on deadline ...political poetry from Skip Tenczar
Trump’s words named Asians the other,
His Covid slang intended a pother.
Though the fool is gone,
His mean legacy lives on --
The hate he kindled will be hard to smother.
fact of the day:
The longest talking filibuster in Senate history, 24 hours and 18 minutes, was to block the Civil Rights Act of 1957.
Part One: We talk with Steven P. Millies about Catholics' relationship to politics.
bio: Professor Millies is an Associate Professor of Public Theology and Director of The Bernardin Center, Catholic Theological Union Millies scholarship explores the Catholic church’s relationship to politics in a perspective that embraces history, theology, law, ethics, sociology, philosophy, and political theory. As Pope Francis has called for a “politics which is farsighted and capable of a new, integral, and interdisciplinary approach,” Millies’s work resists seeing politics only as a conflict over individual interests. Instead, in Pope Francis’s words, politics expresses our “conviction that we need one another, that we have a shared responsibility for each other and the world.”
Pope Francis has taken a more nuanced approach to Catholic teachings, and his own authority. He says he sees the world as it is, vs. how the Church sees it. This affects the opinions of Catholics internationally.
Catholic opinions on Johnson & Johnson vaccine highlight debate between hardliners on abortion and others in the church Steven P. Millies, Catholic Theological Union Divisions among Catholics have created doubts about the moral acceptability of one of the COVID-19 vaccines. An expert explains why there isn't one 'Catholic view' on the issue.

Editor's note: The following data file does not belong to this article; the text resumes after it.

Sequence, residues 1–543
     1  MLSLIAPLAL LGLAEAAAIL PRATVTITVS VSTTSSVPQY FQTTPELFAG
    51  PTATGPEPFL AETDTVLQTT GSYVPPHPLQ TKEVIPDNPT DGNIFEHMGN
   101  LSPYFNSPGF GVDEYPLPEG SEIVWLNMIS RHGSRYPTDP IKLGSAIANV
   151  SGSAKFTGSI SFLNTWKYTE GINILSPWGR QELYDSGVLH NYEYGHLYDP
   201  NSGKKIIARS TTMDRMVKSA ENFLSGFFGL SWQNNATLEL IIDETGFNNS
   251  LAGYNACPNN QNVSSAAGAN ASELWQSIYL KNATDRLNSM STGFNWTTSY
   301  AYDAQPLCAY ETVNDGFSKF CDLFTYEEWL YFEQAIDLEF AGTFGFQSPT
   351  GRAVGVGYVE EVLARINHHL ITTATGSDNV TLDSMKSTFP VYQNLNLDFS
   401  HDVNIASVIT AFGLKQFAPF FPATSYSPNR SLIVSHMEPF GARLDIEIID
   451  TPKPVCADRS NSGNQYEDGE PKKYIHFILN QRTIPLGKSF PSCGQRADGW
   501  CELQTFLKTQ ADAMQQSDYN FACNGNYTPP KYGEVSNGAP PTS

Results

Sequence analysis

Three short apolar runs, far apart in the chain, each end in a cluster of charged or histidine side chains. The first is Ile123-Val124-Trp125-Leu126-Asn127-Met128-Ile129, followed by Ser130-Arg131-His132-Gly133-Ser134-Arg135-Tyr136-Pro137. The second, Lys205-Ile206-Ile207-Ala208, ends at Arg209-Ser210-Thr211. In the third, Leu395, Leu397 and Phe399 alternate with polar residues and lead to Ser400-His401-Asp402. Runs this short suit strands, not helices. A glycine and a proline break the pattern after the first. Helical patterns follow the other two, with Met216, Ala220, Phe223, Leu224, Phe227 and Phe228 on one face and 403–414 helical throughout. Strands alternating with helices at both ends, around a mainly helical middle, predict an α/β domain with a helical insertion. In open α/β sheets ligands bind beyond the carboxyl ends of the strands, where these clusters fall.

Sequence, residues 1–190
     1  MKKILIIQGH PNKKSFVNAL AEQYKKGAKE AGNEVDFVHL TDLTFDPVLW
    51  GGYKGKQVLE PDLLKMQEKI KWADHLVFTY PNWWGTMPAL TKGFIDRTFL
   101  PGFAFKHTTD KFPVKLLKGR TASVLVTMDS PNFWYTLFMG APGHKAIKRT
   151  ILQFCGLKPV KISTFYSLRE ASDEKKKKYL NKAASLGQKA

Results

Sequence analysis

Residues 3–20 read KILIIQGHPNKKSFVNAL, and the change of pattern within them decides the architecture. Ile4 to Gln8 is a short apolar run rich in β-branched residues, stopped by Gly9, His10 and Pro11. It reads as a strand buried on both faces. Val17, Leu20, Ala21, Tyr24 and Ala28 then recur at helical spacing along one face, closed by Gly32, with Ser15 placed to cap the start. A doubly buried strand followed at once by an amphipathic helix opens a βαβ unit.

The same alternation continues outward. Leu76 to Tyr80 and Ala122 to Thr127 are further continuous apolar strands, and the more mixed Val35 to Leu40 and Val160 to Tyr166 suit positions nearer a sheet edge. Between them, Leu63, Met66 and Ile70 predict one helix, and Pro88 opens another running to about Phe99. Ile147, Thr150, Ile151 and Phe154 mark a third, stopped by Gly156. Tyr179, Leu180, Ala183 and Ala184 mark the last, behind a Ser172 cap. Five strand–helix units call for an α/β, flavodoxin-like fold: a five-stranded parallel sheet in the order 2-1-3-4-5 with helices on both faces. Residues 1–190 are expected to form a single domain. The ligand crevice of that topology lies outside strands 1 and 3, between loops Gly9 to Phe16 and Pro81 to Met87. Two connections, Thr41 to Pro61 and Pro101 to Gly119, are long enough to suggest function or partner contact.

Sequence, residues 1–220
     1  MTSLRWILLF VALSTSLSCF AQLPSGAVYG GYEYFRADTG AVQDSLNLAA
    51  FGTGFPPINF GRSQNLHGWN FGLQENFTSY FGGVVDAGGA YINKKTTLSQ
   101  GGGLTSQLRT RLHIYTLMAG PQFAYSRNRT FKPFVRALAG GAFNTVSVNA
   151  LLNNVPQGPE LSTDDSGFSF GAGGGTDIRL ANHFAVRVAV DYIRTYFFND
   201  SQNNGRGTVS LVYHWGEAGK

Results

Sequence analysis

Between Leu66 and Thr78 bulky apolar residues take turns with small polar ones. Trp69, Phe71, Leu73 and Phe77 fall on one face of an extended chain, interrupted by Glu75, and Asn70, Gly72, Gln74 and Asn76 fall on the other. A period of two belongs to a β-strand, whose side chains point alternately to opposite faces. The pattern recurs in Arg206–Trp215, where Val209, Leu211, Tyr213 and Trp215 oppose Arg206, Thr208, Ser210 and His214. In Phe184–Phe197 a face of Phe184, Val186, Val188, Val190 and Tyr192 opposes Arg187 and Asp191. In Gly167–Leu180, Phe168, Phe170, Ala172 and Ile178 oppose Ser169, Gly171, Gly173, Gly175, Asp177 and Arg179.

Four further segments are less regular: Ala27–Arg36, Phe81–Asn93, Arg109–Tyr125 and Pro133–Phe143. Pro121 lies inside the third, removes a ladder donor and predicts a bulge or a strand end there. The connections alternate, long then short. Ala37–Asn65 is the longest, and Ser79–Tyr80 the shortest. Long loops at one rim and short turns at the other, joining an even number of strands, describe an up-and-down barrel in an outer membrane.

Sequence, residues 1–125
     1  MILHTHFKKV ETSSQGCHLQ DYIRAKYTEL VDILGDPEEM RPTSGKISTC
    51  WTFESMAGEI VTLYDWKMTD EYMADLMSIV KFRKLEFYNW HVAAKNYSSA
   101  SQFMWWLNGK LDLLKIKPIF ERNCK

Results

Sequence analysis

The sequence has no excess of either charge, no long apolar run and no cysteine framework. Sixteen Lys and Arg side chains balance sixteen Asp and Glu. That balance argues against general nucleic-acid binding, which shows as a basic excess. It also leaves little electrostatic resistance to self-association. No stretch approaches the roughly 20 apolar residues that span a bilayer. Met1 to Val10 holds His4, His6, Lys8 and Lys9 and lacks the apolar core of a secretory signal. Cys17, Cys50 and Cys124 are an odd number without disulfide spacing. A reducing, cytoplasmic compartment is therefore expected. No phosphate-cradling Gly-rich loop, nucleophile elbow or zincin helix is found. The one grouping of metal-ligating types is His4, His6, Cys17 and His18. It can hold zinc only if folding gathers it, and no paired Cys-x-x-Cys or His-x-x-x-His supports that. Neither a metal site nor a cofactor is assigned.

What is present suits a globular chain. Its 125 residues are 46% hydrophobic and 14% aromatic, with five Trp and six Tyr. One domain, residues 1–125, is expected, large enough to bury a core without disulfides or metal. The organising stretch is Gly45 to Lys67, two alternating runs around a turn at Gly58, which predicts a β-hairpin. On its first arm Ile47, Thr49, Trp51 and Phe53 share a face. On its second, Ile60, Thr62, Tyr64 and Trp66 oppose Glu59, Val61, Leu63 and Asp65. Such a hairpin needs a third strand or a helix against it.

Pope Francis’ support for civil unions is a call to justice – and nothing new Steven P. Millies, Catholic Theological Union
The pontiff hasn't changed church teaching on marriage in indicating support for same-sex civil unions. Rather, he is reminding Catholics they should be concerned about justice for all. https://theconversation.com/pope-francis-support-for-civil-unions-is-a-call-to-justice-and-nothing-new-148607
Clarity for Catholics: It's OK to get Johnson & Johnson COVID-19 vaccine – if it's the only one available
Catholics might be somewhat confused by reports on differing messages about the acceptability of the Johnson & Johnson COVID-19 vaccine due to a cell line from an abortion being used in its production.The differences have been resolved and Catholic teaching is clear: Catholics have a moral duty to protect themselves and others from COVID-19 by being vaccinated. However, if given the choice, they should avoid the Johnson & Johnson vaccine, according to the Vatican and the U.S. Conference of Catholic Bishops.Should they choose not to be vaccinated, they have a moral obligation to mask, socially distance and "do their utmost" to avoid becoming infected or infecting others, the Vatican said.
the pope and gay marriage
Part Two: We speak with Daniel Block : Can Amazon be Stopped? Recent attempts to unionize Amazon workers are in the news.
bio: Daniel Block is the executive editor of the Washington Monthly.Before joining the Monthly, Daniel was a 2017-2018 Luce Scholar living in Delhi, India, where he studied Hindi and worked for the Caravan--a leading Indian politics and policy magazine. Daniel’s writing has also appeared in the Washington Post, the Boston Globe, Foreign Policy, the Philadelphia Inquirer, and the American Prospect. Daniel graduated from Swarthmore College in 2016 with a bachelor’s degree in political science and history. He graduated with highest honors and was elected to Phi Beta Kappa. He spent a post-college gap year teaching skiing in Utah.
The story of the e-commerce giant is the story of America’s economic unraveling. America is no longer making all that it needs. Instead, it is concentrating on its service economy and on just “ shuffling money around,” This is not sustainable.